He smiled. For a second there, I imagined he was struggling to keep a smirk off his face. But, I probably just imagined that.

He asked me whether I had with me the part that need to be replaced. I nodded. Not as an affirmation to his question, but as recognition of the issues involved. “No,” I told him, “I know that you should do that. I’ve learned that before. In fact, I’ve learned that repeatedly.” Then I mumbled some inane thing about not being convinced that you can accomplish any home repair with less than three trips to the hardware store. He nodded empathetically and shared with me some profound words about the nature of the world and how ubiquitous my experience of the human condition was.

We stood around the toilet section of the hardware store and had a great conversation about all the different parts that go into a toilet bowl, how they are used, and all kinds of wondrous things involving toilets, their operation, maintenance, and repair. After some extended discussion of the relative merits of various flappers, the effects of chemicals on the longevity of flappers, the models, installation, and the peace of mind that can be achieved by obtaining a quality toilet bowl flapper, I, flushed with me new found knowledge, selected a high quality flapper. I thanked the gentleman profusely. He smiled a wise and sagacious smile and wished me well. Like a guru sending forth his disciple, I clutched my new-found flapper and wisdom and set off to bring peace to the world, or, at least, to my bathroom.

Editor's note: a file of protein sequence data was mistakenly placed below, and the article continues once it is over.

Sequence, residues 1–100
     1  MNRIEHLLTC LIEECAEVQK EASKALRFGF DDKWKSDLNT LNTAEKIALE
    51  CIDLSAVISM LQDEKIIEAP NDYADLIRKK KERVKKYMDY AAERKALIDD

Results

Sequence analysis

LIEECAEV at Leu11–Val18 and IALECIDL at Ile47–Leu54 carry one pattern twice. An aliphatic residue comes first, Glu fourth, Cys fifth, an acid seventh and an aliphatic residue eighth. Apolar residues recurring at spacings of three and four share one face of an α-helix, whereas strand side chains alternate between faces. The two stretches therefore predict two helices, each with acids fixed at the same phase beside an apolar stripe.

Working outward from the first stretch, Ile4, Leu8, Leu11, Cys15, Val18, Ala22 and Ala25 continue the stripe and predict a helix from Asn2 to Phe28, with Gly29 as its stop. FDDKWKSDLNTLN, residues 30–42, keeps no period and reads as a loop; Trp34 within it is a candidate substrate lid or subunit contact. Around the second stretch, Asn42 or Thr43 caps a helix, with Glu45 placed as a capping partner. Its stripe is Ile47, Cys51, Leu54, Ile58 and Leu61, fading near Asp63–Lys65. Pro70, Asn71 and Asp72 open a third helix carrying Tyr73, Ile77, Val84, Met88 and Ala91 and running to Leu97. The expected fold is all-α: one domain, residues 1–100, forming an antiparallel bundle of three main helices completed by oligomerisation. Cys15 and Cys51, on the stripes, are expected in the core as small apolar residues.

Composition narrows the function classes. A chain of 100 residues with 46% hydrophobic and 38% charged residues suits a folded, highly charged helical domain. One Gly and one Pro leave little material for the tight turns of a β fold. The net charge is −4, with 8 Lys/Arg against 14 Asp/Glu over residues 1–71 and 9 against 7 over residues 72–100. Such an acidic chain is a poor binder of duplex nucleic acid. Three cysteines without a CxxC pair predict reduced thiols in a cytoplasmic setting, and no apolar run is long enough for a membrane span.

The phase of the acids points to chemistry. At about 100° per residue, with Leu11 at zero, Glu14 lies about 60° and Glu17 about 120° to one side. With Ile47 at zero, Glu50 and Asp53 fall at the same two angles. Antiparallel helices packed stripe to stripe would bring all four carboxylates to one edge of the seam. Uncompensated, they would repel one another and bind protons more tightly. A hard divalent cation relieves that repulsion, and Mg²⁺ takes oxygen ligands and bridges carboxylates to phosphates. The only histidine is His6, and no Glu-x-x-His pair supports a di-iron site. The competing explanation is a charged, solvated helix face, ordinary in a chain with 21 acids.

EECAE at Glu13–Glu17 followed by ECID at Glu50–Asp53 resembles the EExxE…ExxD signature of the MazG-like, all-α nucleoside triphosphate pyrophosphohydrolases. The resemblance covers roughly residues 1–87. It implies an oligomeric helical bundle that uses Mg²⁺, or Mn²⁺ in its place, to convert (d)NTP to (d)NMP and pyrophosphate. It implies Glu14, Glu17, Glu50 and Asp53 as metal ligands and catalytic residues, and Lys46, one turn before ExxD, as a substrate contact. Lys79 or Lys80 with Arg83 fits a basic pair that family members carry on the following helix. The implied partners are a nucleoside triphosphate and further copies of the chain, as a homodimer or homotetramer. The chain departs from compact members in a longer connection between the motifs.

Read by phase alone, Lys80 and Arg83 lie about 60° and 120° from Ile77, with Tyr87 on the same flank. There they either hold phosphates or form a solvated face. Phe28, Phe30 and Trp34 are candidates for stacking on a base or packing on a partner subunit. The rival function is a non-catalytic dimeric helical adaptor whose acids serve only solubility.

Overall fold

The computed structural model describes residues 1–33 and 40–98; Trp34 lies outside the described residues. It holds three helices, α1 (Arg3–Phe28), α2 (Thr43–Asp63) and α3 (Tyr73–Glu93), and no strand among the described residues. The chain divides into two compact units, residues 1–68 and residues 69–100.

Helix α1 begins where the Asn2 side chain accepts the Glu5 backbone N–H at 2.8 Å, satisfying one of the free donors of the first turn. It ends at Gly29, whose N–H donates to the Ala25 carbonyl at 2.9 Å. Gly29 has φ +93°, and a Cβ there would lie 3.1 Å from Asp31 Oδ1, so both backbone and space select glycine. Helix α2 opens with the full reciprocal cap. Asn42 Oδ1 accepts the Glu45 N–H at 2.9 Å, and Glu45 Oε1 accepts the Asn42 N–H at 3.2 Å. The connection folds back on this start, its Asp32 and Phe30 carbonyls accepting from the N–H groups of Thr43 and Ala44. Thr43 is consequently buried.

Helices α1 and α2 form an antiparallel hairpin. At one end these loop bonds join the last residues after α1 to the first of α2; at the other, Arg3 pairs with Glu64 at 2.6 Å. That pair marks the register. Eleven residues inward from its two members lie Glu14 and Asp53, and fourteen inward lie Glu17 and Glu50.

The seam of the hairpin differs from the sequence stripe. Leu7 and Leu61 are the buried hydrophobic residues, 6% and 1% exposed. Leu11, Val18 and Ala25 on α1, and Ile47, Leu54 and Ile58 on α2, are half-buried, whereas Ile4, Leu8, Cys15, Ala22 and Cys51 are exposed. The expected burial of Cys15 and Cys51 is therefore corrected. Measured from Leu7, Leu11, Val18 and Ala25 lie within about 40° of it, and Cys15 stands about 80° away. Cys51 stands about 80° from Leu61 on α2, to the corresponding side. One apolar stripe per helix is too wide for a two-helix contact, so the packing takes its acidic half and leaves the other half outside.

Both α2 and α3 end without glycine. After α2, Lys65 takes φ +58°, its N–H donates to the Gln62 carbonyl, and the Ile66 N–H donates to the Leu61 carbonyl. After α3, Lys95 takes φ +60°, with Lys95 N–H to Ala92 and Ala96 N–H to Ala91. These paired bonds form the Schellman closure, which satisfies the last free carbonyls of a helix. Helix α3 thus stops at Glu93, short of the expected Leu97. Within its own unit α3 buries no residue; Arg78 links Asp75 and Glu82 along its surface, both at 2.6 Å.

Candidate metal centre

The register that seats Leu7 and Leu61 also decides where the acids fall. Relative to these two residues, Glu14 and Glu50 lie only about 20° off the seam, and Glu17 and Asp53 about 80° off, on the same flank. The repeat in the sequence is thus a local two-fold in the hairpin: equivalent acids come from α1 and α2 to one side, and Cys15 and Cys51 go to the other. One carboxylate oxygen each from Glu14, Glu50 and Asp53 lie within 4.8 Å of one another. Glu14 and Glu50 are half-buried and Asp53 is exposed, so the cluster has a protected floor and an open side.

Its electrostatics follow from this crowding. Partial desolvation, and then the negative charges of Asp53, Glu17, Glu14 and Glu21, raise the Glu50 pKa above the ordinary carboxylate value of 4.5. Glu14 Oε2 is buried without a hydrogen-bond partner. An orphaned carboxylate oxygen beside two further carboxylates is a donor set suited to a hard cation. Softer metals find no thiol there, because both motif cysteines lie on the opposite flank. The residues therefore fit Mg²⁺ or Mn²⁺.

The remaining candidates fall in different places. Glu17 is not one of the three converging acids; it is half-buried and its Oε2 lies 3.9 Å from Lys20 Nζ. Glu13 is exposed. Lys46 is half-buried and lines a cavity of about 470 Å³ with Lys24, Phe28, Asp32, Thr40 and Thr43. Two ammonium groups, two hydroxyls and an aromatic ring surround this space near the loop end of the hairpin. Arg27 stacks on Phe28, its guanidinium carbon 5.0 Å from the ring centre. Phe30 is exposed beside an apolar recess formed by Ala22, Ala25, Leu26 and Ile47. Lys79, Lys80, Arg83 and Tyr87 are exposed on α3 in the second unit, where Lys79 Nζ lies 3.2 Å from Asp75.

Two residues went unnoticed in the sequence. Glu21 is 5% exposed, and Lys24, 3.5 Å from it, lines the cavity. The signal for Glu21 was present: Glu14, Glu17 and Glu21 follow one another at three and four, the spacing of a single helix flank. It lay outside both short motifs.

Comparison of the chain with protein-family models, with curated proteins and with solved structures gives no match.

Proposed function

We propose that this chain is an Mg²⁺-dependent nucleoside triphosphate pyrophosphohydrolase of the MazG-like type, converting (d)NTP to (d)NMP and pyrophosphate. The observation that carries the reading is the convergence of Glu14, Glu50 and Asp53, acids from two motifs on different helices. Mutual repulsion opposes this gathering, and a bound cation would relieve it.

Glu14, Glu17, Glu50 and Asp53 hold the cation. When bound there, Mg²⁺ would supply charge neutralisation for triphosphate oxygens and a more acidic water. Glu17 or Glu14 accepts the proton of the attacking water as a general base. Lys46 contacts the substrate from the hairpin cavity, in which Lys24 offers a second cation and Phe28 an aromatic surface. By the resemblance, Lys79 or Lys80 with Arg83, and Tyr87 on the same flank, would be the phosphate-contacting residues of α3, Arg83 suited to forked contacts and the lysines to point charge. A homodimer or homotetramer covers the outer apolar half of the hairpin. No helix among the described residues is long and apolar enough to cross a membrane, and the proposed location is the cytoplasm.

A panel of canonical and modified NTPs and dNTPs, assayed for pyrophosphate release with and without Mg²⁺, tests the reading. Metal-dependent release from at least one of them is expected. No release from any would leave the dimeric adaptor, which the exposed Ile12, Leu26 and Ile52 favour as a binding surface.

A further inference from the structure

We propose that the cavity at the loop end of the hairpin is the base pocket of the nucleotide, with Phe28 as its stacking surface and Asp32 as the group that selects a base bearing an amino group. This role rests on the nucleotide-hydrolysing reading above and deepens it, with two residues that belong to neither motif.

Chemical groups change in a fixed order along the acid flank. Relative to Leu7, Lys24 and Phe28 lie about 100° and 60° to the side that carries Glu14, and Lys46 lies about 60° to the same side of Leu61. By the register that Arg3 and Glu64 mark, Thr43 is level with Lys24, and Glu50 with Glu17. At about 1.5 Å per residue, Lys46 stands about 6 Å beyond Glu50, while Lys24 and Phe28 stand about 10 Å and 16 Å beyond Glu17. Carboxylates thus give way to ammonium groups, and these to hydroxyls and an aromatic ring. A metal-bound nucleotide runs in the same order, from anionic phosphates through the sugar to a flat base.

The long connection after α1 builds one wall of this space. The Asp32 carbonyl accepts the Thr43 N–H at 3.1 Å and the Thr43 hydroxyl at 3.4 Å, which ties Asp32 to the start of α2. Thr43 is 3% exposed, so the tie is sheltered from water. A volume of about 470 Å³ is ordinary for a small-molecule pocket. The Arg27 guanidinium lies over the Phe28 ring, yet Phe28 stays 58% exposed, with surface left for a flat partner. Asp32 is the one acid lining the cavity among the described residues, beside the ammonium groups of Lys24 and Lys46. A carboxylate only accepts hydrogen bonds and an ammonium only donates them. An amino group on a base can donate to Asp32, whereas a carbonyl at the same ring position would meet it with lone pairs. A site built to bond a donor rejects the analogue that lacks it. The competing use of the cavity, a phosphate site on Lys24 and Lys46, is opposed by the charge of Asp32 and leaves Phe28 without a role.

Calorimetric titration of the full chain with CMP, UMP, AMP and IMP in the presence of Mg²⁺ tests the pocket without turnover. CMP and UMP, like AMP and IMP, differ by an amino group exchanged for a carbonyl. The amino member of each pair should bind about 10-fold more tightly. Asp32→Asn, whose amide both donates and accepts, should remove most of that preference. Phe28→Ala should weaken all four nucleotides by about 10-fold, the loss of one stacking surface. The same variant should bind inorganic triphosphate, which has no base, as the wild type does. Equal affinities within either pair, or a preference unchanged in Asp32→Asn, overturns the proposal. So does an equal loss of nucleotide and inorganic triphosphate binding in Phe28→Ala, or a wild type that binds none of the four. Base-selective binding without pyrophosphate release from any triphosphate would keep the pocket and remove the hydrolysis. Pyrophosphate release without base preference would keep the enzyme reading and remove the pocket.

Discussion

I returned home a new man, a proud owner of a high-quality flapper. This was probably a mistake. It almost immediately occurred to me that owning a high-quality flapper and having a high-quality flapper installed in one’s toilet were somewhat disparate. Merging these two unequal states of being into one harmonious whole might involve some action or, God forbid, a sequence of actions. A couple of quick turns of the head lead me to the prompt and disquieting realization that there was no one around to perform these tasks. Well, except me. And, that seemed like a highly sub-optimal choice.

I sat down to give myself time to ponder the sad, misfortunate, cruelties of life. I took a few deep breaths. Then I dragged myself off the couch, marched myself into the bathroom and confidently removed the ceramic top off the toilet (I knew how to do this). I looked at the toilet innards. They looked at me. Neither of us made a move. We waited. It dawned on me that toilets have more patience than I do. With a sigh, I told the toilet bowl, just in case it was interested, “You win.” There was no need to get the toilet bowl pissed at me before I had even begun operating on it. Having the patient on my side has got to help some. I rolled up my sleeves, plunged my hand into the toilet bowl innards, and extracted the old flapper. Much to my surprise, I had the new flapper installed before I had actually run out of vulgarities and had to start inventing new ones.

In the end, it all worked out just fine. All that worry and trepidation was for naught. There is only one thing that bothers me a little. The water still dribbles in the toilet bowl. But, I can live with that.